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REVIEW: Dana H. is an explosion of theatrical form and craft

iPhoto caption: Photo by John Lauener.
/By / Mar 20, 2024

“Lip sync for your life!” has reached a whole new level of meaning in the gorgeous production of Dana H. currently playing in the Factory Theatre mainspace, a presentation by Crow’s Theatre of a production created by the Goodman Theatre, Center Theatre Group, and Vineyard Theatre. (Try saying that five times fast!)

Written by star American playwright Lucas Hnath (who has another Toronto premiere in the pipeline this spring), Dana H. follows the harrowing true story of his mother’s abduction by a member of the Aryan Brotherhood, a troubled, dangerous man referred to as Jim in the play. In a flourish of stagecraft unparalleled by any other in recent memory, the story of Dana H. is told entirely by Dana Higginbotham herself – the woman onstage, an unnervingly precise Jordan Baker, lip-syncs along with the recording of an interview between Higginbotham and interviewer Steve Cosson, never once speaking out loud in her own voice.

It’s a chilling theatrical device, the dramaturgy of which could inform 100 theses about the aesthetics of verbatim theatre. A genre often weighed down by discourse on authorial ownership, verbatim theatre, a subgenre of documentary theatre, seeks to re-contextualize found material such as interviews and legal proceedings into a cohesive theatrical experience, often re-distributing a real person’s words and experiences to an actor on a stage. My Name Is Rachel Corrie and The Laramie Project are some of the most famous instances of the genre, and both have been the subjects of controversy for their portrayals of real-life political discourses.

Dana H. re-appropriates Higginbotham’s story to a new physical canvas, and oh, what a canvas Baker is, every mannerism and facial twitch perfectly calibrated to the easygoing drawl floating through the speakers of the theatre. The preservation of Higginbotham’s story in her own voice is beyond effective, and ensures she maintains a striking amount of agency over how the story is told, from its muddy timeline (Higginbotham was held captive over several months) to its sputters and coughs.

Director Les Waters takes every risk of Hnath’s audacious proposal in stride, daring to nudge the very edges of what theatre is and could be. Baker spends most of the 75-minute run time sitting in a chair centre stage, alone, meaning even her tiniest movements are imbued with meaning and significance – a shift in weight from one hip to the other here, a thumb through a crumpled manuscript there. While Waters along with set designer Andrew Boyce have imagined the theatrical world of Dana H. as a deliciously seedy motel room, Waters barely gives Baker (or, by extension, the theatricalized version of Higginbotham) the opportunity to explore it. Baker doesn’t interact with the physical memory of Higginbotham’s captivity – she exists in front of it as a narrator, rather than becoming entangled with it as a pawn.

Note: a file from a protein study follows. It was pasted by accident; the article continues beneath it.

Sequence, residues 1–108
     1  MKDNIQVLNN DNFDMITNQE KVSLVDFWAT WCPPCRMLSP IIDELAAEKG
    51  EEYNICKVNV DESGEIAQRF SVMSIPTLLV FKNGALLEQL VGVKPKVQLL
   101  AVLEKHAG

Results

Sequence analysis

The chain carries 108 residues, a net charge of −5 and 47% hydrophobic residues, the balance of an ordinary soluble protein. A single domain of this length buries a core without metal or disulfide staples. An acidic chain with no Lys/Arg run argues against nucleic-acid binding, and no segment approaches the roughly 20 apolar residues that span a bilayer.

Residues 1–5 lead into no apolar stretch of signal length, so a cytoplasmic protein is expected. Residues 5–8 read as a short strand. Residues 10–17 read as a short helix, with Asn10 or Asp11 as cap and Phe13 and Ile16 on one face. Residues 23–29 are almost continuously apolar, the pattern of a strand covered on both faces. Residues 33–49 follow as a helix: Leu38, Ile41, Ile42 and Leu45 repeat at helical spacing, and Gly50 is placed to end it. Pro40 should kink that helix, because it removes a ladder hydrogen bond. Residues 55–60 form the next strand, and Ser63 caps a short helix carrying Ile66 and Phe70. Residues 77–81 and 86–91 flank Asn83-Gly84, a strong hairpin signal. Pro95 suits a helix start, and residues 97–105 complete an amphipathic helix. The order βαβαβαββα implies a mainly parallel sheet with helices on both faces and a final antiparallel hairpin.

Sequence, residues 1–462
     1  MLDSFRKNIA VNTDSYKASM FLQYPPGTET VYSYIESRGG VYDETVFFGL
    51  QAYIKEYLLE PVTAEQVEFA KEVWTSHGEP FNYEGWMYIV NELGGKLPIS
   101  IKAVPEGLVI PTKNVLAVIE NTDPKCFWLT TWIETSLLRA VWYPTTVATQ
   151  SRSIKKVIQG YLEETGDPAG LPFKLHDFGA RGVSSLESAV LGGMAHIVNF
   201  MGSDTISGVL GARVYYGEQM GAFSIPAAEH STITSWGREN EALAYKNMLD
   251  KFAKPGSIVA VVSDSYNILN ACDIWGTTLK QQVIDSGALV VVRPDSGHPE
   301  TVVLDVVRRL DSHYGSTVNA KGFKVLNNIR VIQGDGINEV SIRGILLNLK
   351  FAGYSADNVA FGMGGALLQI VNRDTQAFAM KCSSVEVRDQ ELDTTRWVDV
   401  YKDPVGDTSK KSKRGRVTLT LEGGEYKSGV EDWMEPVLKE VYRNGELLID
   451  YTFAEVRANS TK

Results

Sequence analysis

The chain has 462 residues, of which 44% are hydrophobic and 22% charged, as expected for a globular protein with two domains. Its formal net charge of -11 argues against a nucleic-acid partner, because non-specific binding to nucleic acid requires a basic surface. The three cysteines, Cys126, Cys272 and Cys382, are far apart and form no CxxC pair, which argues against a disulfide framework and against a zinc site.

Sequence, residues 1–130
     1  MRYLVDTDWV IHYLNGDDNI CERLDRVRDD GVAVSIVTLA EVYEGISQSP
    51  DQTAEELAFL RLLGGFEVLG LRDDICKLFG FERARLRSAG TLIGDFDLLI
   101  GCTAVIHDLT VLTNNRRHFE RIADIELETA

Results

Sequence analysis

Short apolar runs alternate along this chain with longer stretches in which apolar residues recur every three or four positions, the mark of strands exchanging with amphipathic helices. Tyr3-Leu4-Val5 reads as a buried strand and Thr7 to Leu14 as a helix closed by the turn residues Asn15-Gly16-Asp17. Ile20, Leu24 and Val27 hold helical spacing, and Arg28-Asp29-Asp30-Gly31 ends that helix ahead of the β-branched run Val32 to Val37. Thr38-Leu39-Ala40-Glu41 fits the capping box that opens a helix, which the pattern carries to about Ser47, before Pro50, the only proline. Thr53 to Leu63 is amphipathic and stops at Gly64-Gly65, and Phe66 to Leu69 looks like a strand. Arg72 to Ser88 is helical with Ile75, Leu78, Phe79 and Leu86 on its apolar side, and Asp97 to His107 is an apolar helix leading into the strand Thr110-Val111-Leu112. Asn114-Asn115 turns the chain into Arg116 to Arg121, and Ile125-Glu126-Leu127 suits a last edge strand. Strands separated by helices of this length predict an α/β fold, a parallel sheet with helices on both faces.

Dana H. begs to be experienced live – I fear giving away too much here. The play is a masterclass in unreliable narration, sure, but it’s also a stunning case study of what happens when unreliable narrators are treated with empathy and compassion by the writers who share their stories with the world. Hnath himself is intertwined with Higginbotham’s abduction: he was a freshman in college when it happened, totally removed from his mother’s captivity in Florida and the Carolinas. In construction of the play, Hnath paints his mother with strokes of grace letting her muddle forward in her memories in all their messiness. No, she doesn’t remember exactly how those months played out; yes, to an extent, she does blame herself. But regardless, someone should have done something to save her. Even unreliable narrators are worthy of justice.

Dana H. is a gift of a production, realized gorgeously by Waters’ design team and produced with the characteristic aplomb of Crow’s Theatre. If you enjoy true crime, intriguing design, or theatre of the highest possible degree, this one’s for you – it’s a doozy.

Dana H runs at Factory Theatre until April 7. Tickets are available here.

Intermission reviews are independent and unrelated to Intermission‘s partnered content. Learn more about Intermission‘s partnership model here.

Aisling Murphy

Aisling Murphy

Aisling is Intermission's senior editor and an award-winning arts journalist with bylines including the Toronto Star, Globe & Mail, CBC Arts, CTV News Toronto, and Maclean's. She likes British playwright Sarah Kane, most songs by Taylor Swift, and her cats, Fig and June.



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